Michael Levi: What the Big U.S.-China Climate Announcement Means

by Guest Blogger for Elizabeth C. Economy
A worker inspects solar panels at a solar Dunhuang, 950km (590 miles) northwest of Lanzhou, Gansu Province September 16, 2013. China is pumping investment into wind power, which is more cost-competitive than solar energy and partly able to compete with coal and gas. China is the world's biggest producer of CO2 emissions, but is also the world's leading generator of renewable electricity. Environmental issues will be under the spotlight during a working group of the Intergovernmental Panel on Climate Change, which will meet in Stockholm from September 23-26. REUTERS/Carlos Barria (CHINA - Tags: ENERGY BUSINESS ENVIRONMENT) A worker inspects solar panels at a solar Dunhuang, 950km (590 miles) northwest of Lanzhou, Gansu Province, on September 16, 2013. (Carlos Barria/Courtesy Reuters)

During the Asia-Pacific Economic Cooperation (APEC) forum in Beijing, U.S. President Barack Obama and Chinese President Xi Jinping jointly announced new targets to cut climate pollution in their respective countries. My colleague and co-author Michael Levi explains the implications of this climate change agreement in a post on his blog, Energy, Security, and ClimateI have reposted it here. Read more »

Friday Asia Update: Top Five Stories for the Week of November 7, 2014

by Guest Blogger for Elizabeth C. Economy
Fireworks explode over a screen displaying the APEC logo on the National Stadium, or the "Bird's Nest", during a rehearsal for the opening of the APEC Summit in Beijing, November 4, 2014. Picture taken November 4, 2014. REUTERS/Stringer (CHINA - Tags: POLITICS BUSINESS) CHINA OUT. Fireworks explode over a screen displaying the APEC logo on the National Stadium, or the "Bird's Nest", during a rehearsal for the opening of the APEC Summit in Beijing on November 4, 2014. (Stringer/Courtesy Reuters)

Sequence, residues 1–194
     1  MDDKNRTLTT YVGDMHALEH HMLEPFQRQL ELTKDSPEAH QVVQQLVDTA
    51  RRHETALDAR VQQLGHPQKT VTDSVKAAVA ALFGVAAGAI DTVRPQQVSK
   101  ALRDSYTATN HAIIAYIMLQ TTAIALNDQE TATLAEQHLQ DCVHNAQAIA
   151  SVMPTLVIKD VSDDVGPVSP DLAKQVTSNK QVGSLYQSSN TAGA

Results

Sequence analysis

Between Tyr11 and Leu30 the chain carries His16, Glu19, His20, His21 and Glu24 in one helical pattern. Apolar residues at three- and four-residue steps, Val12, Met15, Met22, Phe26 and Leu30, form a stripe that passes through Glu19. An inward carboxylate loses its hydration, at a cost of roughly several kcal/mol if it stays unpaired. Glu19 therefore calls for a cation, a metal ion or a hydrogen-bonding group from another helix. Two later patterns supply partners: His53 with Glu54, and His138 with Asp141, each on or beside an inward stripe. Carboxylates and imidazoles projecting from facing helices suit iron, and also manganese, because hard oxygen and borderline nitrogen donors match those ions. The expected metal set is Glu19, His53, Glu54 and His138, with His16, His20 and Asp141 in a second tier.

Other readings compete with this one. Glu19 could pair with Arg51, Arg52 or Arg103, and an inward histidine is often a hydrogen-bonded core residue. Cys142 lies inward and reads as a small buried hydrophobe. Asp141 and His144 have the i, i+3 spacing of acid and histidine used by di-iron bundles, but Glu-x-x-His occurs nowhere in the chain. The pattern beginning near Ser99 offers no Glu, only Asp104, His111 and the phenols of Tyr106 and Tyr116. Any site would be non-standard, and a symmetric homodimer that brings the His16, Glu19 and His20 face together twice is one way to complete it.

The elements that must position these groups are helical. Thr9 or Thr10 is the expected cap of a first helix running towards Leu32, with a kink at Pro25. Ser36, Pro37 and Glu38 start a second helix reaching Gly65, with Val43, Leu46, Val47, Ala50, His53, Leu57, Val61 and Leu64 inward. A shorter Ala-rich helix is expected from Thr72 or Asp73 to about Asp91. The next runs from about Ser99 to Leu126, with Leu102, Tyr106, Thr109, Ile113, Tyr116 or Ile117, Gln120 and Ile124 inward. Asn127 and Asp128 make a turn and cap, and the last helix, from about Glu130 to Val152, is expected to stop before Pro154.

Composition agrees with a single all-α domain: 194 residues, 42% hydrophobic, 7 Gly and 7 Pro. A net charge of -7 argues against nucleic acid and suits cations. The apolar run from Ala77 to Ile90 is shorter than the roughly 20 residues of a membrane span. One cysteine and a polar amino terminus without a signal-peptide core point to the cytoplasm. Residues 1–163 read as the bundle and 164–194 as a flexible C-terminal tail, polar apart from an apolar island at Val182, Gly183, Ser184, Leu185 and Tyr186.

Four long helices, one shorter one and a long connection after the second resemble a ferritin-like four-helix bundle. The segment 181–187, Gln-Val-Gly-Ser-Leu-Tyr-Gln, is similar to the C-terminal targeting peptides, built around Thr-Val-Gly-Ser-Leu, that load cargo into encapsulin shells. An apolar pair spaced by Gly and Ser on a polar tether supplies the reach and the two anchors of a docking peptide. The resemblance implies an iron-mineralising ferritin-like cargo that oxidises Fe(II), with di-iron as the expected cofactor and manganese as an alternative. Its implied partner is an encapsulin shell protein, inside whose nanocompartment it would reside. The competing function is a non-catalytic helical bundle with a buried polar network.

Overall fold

Ashlyn Anderson, Lauren Dickey, Darcie Draudt, Andrew Hill, Will Piekos, and Sharone Tobias look at the top stories in Asia today.

1. Leaders gather in Beijing for Asia-Pacific Economic Cooperation (APEC) forum. A wide range of issues are expected to be addressed throughout the week of APEC meetings, an agenda perceived as tailor-made for China. One of the most important topics is the Free Trade Agreement of the Asia Pacific (FTAAP), an initiative critics fear will take momentum from Trans-Pacific Partnership (TPP) talks. With the aim of rebooting Asia-Pacific growth, Chinese officials also announced a series of economic measures, including more bank credit for high-tech imports and quicker approvals for meat and seafood shipments. Other items on the forum agenda include an anti-corruption transparency network, climate issues, and regional support for the Asian Infrastructure Investment Bank. Read more »

Friday Asia Update: Top Five Stories for the Week of October 31, 2014

by Guest Blogger for Elizabeth C. Economy
A member of a military rescue team pauses during search operations at the site of a landslide at the Koslanda tea plantation near Haldummulla on October 30, 2014. (Dinuka Liyanawatte/Courtesy Reuters) A member of a military rescue team pauses during search operations at the site of a landslide at the Koslanda tea plantation near Haldummulla on October 30, 2014. (Dinuka Liyanawatte/Courtesy Reuters)

Ashlyn Anderson, Lauren Dickey, Darcie Draudt, Andrew Hill, Will Piekos, and Sharone Tobias look at the top stories in Asia today.